In the United States circa 1963, space was the final frontier--not just for scientific discovery and Cold War politics, but for art as well. “Die Hard” uses topical imagery to reinvent the two-dimensional space of painting. (Check out the schematic diagram of a Minimalist box in the upper right-hand corner, which also sports an arrow pointing directly to the Mercury capsule landing in the ocean). In this poetic elegy, the thing that dies hard is art’s earthbound yearning for transcendence.
Flight is a subject that proliferates throughout Rauschenberg’s career. Birds are a particularly prominent leitmotif--think of “Canyon"--especially in the decade following 1954, when the image first appeared.
A stuffed hen and a stuffed rooster notoriously adorn two of the earliest Combines--"Odalisque” is even a junkyard reliquary that elaborately enshrines a single fragile feather--while a picture of a rooster’s head is collaged in the center of one from 1955. “Coca Cola Plan” (1958) is a secular icon featuring three soft drink bottles being borne aloft on cast-metal wings, and a 1961 Combine centers on a squashed motor oil can, whose Blue Eagle brand also provides its title. Rauschenberg’s most famous performance piece, in which he appeared on roller skates with an open parachute strapped backward on his body, was 1963’s “Pelican.”
The huge black-and-white painting called “Barge” (1962-1963), a mural stretching 32 feet in length, includes its own winged proliferation. In addition to a prominent silk-screened picture of caged finches, both a cupid and a Telstar satellite dart in and out of view in the pile-up of photographs and patches of runny paint. Nature, myth and technology are all evoked through images of flight.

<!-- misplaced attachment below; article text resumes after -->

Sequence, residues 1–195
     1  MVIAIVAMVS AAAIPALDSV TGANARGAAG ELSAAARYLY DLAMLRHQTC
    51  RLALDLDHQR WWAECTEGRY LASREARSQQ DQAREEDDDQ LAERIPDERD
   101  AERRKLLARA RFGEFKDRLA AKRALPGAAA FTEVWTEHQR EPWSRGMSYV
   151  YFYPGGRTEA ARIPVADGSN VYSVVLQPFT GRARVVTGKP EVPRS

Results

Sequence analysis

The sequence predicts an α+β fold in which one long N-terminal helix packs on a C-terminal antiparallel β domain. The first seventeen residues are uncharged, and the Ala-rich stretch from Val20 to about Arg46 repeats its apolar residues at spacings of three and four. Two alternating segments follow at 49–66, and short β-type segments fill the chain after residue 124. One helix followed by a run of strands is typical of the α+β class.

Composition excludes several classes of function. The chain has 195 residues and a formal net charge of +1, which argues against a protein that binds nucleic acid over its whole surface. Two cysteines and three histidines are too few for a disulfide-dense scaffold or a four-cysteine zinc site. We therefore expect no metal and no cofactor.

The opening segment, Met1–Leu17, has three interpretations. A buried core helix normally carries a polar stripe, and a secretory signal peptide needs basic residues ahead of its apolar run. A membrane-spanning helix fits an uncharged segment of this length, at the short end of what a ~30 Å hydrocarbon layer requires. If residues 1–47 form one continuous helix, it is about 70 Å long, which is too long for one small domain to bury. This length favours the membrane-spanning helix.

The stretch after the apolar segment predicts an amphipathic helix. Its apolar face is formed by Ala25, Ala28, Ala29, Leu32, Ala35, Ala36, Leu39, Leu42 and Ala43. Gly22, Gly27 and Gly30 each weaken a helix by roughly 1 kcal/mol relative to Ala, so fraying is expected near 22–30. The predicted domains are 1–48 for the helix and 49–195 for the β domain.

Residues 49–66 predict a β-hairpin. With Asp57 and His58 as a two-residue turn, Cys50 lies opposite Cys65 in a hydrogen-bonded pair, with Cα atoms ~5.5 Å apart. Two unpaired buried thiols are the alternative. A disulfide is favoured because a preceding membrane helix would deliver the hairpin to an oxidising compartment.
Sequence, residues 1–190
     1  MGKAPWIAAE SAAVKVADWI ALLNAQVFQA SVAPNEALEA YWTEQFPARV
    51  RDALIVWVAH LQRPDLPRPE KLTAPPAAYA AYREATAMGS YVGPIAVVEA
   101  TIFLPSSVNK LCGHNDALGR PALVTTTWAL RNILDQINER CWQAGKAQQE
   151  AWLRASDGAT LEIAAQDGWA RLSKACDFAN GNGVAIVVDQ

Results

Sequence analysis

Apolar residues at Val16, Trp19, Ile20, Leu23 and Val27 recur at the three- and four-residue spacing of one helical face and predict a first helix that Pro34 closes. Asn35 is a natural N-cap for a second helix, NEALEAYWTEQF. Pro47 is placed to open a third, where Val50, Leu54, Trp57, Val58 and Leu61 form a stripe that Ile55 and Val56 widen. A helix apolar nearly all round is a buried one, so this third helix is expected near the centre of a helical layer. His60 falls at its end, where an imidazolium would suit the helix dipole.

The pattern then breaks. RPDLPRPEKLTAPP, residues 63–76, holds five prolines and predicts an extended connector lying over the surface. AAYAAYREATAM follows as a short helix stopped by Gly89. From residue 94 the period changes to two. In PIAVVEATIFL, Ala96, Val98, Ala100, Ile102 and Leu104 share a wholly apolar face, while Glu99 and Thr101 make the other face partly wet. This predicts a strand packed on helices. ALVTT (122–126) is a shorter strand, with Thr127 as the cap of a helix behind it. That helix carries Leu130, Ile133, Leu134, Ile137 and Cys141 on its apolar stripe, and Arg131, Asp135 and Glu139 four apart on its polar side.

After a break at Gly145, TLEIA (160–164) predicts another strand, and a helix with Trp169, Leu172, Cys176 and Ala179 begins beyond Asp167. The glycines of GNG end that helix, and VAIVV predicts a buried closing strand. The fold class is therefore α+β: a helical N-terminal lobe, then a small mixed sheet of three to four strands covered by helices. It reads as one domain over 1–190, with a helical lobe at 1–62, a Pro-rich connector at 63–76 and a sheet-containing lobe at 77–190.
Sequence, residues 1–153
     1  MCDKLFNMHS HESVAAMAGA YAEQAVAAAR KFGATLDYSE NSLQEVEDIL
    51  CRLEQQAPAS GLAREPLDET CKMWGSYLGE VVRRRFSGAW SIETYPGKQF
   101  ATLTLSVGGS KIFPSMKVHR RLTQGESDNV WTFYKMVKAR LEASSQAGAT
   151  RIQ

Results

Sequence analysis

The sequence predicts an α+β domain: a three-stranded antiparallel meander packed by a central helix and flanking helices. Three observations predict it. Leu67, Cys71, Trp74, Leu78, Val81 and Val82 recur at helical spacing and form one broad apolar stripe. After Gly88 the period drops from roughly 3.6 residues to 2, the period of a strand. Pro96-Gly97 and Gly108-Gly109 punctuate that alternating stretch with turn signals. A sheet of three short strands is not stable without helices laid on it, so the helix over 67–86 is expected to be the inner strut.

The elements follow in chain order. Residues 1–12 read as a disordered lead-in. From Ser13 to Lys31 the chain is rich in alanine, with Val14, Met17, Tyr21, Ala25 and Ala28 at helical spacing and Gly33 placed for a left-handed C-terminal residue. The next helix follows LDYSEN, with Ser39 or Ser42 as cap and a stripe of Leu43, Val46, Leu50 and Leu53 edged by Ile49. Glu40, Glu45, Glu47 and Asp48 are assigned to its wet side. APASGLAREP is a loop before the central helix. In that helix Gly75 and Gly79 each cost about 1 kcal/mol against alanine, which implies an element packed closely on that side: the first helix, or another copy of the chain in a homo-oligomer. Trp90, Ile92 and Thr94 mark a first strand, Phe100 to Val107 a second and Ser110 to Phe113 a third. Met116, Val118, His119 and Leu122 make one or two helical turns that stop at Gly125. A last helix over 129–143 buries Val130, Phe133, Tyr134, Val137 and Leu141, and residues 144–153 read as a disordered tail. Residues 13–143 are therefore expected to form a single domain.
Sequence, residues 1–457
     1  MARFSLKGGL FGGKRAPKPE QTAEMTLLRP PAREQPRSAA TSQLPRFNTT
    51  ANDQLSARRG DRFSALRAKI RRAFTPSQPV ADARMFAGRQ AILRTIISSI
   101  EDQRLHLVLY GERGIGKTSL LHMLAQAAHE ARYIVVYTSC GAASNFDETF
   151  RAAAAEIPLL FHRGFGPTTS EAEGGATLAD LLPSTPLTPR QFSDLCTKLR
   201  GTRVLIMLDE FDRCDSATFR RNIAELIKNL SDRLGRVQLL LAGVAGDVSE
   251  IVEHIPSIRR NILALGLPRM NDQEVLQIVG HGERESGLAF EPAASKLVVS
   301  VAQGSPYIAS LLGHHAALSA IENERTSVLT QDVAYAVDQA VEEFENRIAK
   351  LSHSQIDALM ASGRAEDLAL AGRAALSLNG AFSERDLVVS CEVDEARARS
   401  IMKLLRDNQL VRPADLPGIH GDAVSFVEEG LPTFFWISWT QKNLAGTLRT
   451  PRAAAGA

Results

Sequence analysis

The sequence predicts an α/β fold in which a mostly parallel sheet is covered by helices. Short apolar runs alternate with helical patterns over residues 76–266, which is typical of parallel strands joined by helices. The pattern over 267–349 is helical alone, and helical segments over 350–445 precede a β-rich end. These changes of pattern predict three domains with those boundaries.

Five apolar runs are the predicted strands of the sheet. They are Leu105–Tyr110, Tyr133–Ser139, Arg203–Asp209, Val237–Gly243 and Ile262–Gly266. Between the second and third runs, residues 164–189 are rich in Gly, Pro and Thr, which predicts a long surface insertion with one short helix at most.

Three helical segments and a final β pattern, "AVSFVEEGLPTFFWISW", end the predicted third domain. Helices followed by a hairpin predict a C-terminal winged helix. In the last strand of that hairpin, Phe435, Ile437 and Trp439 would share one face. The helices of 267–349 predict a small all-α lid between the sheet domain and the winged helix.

“Pelican” and the rest no doubt hark back to the artist’s Gulf Coast youth. And sometimes a bird is just a bird. Plainly, though, there’s more to these potent flights of fancy than mere autobiographical nostalgia.
Rauschenberg’s first retrospective in 1976, at Washington’s National Museum of American Art, as well as an eye-opening 1991 Menil exhibition that focused on the early 1950s, prior to the artist’s 1954 invention of the Combines, were also organized by Walter Hopps. You might expect therefore that this one would emphasize the last 20 years, but instead it goes in more for an assertion of continuity throughout the entire career.
Still, there’s no arguing that the work of the 1950s and 1960s is, overall, more compelling than that of the 1970s through 1990s. Partly, that’s because any era of radical invention is inevitably exciting. Rauschenberg’s once-prescient method of pictorial scan is by now an almost universally shared and commonly understood experience. It no longer provides the necessary estrangement an epic demands.
And part of the reason is that, sometime in the 1970s, Rauschenberg stopped using mass media images and started to rely only on photographs he took himself. When he began to travel the globe executing projects intended to enhance international understanding through ad hoc collaborations, his subjects couldn’t help becoming more personal. Paradoxically, that made them more obscure and uninvolving for non-participants.
But that’s no slight to Rauschenberg’s amazing achievement. This epic retrospective is proof enough of that.
* “Robert Rauschenberg: A Retrospective” remains on view at Houston’s Menil Collection, 1515 Sul Ross; Contemporary Arts Museum, 5216 Montrose St.; and Museum of Fine Arts, 1001 Bissonnet St., through May 17. (713) 525-9400.